Julian Edelman is on pace for a career year. He has been the Patriots’ most reliable receiving option all season while dealing with injury after injury. The fact that he’s putting up the numbers he is when opposing defenses know that Tom Brady is looking for him on every play is astounding. Yet, he’s not playing in this year’s Pro Bowl.
For some time now, the Pro Bowl has become more of a popularity contest as opposed to voting in people who actually deserve to be there. Year in and year out, worthy players get snubbed for their more flashy counterparts. This year is no different.
Each conference gets four receivers. And while three of those receivers deserved the honor, one is getting in solely on his name value and reputation for big plays. Taking away a spot that should’ve been given to Edelman.
DeAndre Hopkins has been a walking cheat code all year for the Houston Texans. If it weren’t for Michael Thomas over in New Orleans, he’d be positioned as the best receiver in the game. There was no doubt that he was getting nominated to make the trip down to Orlando.
Keenan Allen has always been one of the best receivers in the game. His only problem was health. Now that he’s been mostly healthy all season, it’s no wonder he’s getting the recognition he deserves.
Jarvis Landry is the lone bright spot on a wildly underwhelming Cleveland Browns team. For him to still be producing with a quarterback who has as many interceptions as he does touchdowns, he clearly deserves the Pro Bowl nod.
Tyreek Hill, on the other hand, does not deserve to be in the Pro Bowl. Whether you’re looking at statistics, difficulty or consistency, Julian Edelman edges him out no matter where you look.
The most glaring difference between the two, though, is availability. Hill missed four games to start the season with a leg injury. Edelman, on the other hand, has been battling with bruised ribs, an injured shoulder and a relatively serious leg injury for the better part of the season but has always been on the field for his team. The best availability is availability, and in this category, Edelman has Hill beat.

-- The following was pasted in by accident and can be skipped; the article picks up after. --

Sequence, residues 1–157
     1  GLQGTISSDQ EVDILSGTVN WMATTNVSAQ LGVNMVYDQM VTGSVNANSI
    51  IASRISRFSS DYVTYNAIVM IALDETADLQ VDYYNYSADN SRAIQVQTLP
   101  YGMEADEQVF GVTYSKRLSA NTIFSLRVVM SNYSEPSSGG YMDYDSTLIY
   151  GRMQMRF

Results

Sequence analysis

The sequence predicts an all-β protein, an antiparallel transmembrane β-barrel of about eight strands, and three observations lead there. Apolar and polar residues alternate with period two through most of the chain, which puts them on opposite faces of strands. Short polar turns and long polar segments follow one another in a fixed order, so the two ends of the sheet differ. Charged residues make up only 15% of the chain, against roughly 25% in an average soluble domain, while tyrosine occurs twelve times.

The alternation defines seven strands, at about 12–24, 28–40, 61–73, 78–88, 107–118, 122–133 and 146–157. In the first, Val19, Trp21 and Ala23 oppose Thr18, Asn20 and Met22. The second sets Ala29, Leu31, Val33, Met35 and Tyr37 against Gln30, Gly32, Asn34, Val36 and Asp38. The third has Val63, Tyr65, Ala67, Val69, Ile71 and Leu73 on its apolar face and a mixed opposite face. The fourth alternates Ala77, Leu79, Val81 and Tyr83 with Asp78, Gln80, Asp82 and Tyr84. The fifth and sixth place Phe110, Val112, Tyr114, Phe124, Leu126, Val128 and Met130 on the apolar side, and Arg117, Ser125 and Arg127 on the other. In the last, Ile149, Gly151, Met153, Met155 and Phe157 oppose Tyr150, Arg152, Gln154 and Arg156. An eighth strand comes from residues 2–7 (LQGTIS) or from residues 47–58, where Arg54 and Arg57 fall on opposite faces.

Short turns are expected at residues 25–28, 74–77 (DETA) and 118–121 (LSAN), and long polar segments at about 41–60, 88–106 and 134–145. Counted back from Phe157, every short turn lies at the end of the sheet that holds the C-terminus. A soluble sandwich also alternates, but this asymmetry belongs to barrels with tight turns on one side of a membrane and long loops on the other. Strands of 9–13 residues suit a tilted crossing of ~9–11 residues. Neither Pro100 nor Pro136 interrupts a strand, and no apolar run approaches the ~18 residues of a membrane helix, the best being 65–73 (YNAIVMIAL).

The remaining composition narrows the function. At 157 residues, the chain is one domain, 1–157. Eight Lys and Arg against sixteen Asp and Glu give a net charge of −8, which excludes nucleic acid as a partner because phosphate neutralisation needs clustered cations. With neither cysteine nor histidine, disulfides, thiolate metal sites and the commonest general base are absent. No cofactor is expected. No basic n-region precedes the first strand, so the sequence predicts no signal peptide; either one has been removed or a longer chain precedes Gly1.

When it comes to playing, once both guys are on the field, Edelman still has Hill beat in almost every meaningful category.
Edelman’s 92 receptions for 1,019 yards blow away Hill, who sits at 49 receptions for 727 yards. Edelman’s 65.7 catch percentage on just under seven targets per game is also higher than Hill’s 62 percent on just under five targets per game. With Edelman having more targets per game and almost doubling the number of overall targets on the season as Hill does, that statistic is pretty impressive.
Nothing else proves that statistic more than his 50 receptions for first downs. When Brady and the Patriots need a catch at a critical time, they look to Edelman more than anyone else. Hill, on the other hand, has 34 catches for first downs. While not bad by any means, that’s not on the level that Edelman is.
If you want to throw rushing stats into the mix, since both receivers have been known to be used on sweeps a fair amount, they both have eight rushes on the year. Edelman again edges Hill out with four more rushing yards on the season.
While Hill is ahead of Edelman by almost four yards per reception and has one more touchdown than the Patriots receiver, it’s pretty clear to see who deserved to be in the Pro Bowl and who got in solely on their name value and because they’re “fun to watch.”
Luckily for Patriots fans, championships matter more to New England than personal achievements. But you’d be foolish to think that Edelman won’t use this snub as motivation to continue his career year.